“If people have been vaccinated or know they have had an infection, they’re fine with doing just about anything they want,” said Dr. Michael Sweat, director of the division of global and community health at the Medical University of South Carolina in Charleston.  “But those who haven’t, they’re seriously at risk.”

Across the state, some 45 percent of South Carolinians over age 12 have had at least one vaccination shot; 37 percent are completely vaccinated, according to the S.C. Department of Health and Environmental Control.  But when the 800,000 children under 12 are added into the mix, that means some 38 percent of all South Carolinians have gotten one shot, while 31 percent are completely vaccinated.  

Add on top of that the 26 percent who had the disease and have natural immunity.  That means about two in three South Carolinians have some or complete protection from the disease.  But look at how many people that leaves without protection — about 1.8 million in a state of 5.1 million people.  

Even scarier: Sweat pointed to a recent MUSC study in the Charleston area that showed about 20 percent of people who believed they contracted COVID-19 and had natural protection actually had no antibodies.  In other words, they believed they were protected, but were not.  Yikes!

“The chance of those [unprotected] people spiking up without immunity is very likely to happen,” Sweat said, adding the next few weeks would be telling.  In particular, health officials are concerned about higher infections among the unprotected because people congregate more in summer and the COVID-19 variants that now exist “ramp up transmission by 50 percent when encounters happen.”

In society, we’ve essentially created two classes of citizens — the protected, who are returning to normal, and the unprotected, who constantly get messages reinforced that things are back to normal, but fail to realize the virus doesn’t discriminate.  For them, it is still lurking and deadly.  

But these people don’t want to hear that to ward off the disease, they need to keep wearing masks, continue washing hands and keep socially distanced — just like before.  

“We have about 30 percent of our people [in the Charleston area] who have no immunity based on our estimate,” Sweat said.  “That’s a lot of people.  The more those people congregate with each other the worse off they are.”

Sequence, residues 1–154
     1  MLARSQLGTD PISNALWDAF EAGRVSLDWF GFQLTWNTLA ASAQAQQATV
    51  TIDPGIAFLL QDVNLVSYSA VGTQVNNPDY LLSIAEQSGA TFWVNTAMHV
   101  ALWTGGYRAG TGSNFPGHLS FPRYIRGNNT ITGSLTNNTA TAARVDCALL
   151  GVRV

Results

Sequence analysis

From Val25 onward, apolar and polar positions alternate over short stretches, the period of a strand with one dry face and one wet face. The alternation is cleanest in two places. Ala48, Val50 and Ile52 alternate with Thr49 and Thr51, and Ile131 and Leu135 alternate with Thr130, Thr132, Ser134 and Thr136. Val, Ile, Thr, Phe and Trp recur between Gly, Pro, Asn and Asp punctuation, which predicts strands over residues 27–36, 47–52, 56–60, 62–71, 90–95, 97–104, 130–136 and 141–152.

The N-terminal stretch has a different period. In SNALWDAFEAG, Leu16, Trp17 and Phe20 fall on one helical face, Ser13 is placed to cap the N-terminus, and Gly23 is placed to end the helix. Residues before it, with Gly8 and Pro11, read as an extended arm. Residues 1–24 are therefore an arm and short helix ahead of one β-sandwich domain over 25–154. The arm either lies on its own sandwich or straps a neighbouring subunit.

The easiest way for adults to not get the disease is to get vaccinated. Do so so we can keep this noxious tiger at bay for everyone.

Andy Brack is editor and publisher of Charleston Currents, and publisher of the Charleston City Paper.  Have a comment?  Send to:


Charleston Gaillard Center

Charleston Gaillard Center provides the Lowcountry with a world-class performance hall, elegant venue space and vibrant educational opportunities that inspire dynamic community throughout the area through the power of the performing arts.  The Center’s vision is to enrich the diverse community of Charleston with artistic and cultural experiences that are accessible and unique, and to serve as an educational resource for generations to come.

Did you know that the Charleston Gaillard Center is a 501c3 non-profit that works with over 25,000 students each year from the tri-county area?  Promoting education is one of the core values of the Charleston Gaillard Center and an integral part of our mission. By broadening the reach of arts-education in the Lowcountry the Gaillard Center encourages learning through the arts and serves as a powerful tool for student achievement and personal development while providing people of all ages with the opportunity to cultivate and grow their talents and appreciation for the arts.  To learn more about our education initiative, click here:

For more information, click the links below:


Tons of nuclear waste predicted at proposed SRS project

Staff reports |  A plan to restart a defunct South Carolina nuclear facility near Aiken with a new mission has safety advocates worried about tons of new nuclear waste in a state with a checkered radioactivity record.

Aerial view in 2018 of the MOX plant at Savannah River Site. Photo is ©High Flyer, via SRS Watch. Used by permission.

“I estimate the pit project would bring in about 7.5 metric tons of plutonium, and most of that would go back out in the form of a pit, but there’s plutonium waste, transuranic waste, low-level radioactive waste and low-level mixed radioactive waste,” said Tom Clements, director of watchdog advocacy group SRS Watch. “There’s a large volume of nuclear waste that would be created, and some of it would be dumped in commercial facilities, but the preferred option is dumping it in on-site trenches.